£90m automotive cost increases lead to call for urgent action

UK automotive firms are facing a £90m increase in the cost of energy bills this year, new research from the SMMT has found.

With UK car and parts manufacturers at a competitive disadvantage with EU firms who are paying £50m less for energy, the industry has called for action on energy, skills and funding to drive large-scale investment beyond major firms and into SMEs across the UK.

A report, From Full Throttle to Full Charge, was unveiled at the SMMT International Automotive Summit 2022 today (Tuesday 28 June), which set out measures to help the industry to continue to grow towards a zero-emission powertrain world.

£4.9 billion was publicly committed to UK vehicle production during 2021, following the signing of the EU-UK Trade and Co-Operation Agreement (TCA). Most of the investment was made by major manufacturers though, ad the industry is looking to accelerate investment into SMEs up and down the supply chain. However, the surging cost of energy since the start of the war in Ukraine has complicated matters for the medium term.

Speaking today at the annual Summit, SMMT Chief Executive Mike Hawes said: “From Covid impacts to component shortages, supply chain disruption to trade uncertainty, and regulatory change to rising inflation, the challenges facing this sector are immense. Nevertheless, addressing the UK’s high energy costs is the industry’s number one ask.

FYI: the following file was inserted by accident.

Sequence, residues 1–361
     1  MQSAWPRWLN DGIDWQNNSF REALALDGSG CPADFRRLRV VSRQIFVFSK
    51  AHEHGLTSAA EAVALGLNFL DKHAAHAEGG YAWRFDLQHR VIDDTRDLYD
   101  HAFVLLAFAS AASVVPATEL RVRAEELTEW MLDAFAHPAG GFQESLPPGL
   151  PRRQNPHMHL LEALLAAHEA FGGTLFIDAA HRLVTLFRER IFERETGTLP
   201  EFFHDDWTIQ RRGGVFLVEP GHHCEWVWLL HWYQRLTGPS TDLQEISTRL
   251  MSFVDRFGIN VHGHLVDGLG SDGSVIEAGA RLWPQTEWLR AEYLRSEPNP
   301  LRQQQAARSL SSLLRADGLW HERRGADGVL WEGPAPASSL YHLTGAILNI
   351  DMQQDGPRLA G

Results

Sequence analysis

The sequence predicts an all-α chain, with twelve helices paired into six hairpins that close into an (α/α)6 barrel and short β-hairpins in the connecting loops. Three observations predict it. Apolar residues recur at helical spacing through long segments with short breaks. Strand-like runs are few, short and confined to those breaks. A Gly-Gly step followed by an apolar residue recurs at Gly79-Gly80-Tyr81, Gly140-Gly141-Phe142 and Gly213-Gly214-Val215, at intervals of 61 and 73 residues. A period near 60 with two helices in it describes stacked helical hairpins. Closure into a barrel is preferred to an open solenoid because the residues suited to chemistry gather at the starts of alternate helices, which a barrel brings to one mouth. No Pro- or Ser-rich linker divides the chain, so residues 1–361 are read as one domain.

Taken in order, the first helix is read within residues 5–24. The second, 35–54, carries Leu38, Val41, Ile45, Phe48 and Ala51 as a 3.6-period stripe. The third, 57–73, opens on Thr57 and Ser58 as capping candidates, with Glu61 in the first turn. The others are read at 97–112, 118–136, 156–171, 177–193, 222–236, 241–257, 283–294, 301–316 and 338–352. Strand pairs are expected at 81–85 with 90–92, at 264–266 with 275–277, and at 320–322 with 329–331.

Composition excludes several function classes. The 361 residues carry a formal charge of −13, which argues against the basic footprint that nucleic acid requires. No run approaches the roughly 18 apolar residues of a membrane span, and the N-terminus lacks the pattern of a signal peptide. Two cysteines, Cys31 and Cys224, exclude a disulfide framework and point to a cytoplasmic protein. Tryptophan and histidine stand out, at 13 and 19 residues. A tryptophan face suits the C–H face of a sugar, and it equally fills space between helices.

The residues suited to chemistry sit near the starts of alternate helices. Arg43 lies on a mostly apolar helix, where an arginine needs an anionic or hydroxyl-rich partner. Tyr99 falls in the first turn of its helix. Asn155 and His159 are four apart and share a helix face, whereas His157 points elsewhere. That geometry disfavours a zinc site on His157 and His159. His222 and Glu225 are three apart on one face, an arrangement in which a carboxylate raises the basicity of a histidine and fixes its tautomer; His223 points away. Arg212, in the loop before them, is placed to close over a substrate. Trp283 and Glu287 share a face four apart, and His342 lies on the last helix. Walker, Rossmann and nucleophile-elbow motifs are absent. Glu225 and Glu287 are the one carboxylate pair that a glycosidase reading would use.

“Help with energy costs now will help keep us competitive and be a windfall for the sector, stimulating investment in innovation, R&D, training – all reinvested in the UK economy. With the right backing this sector can drive the transition to net zero, supporting jobs and growth across the UK and exports across the globe.”

Looking at the transition to EVs for example, while engine and exhaust producers could seem to be threatened by electrification, the report suggests there are substantial prospects for those able to shift their focus to batteries, motors and power electronics

Mike continued: “Our plan, From Full Throttle to Full Charge, sets out how industry can work with government to build a UK automotive ecosystem fit for a zero-emission future. If there is the will, the effort and the action from government, they will find it matched by that of the UK industry in investment and competitiveness.”

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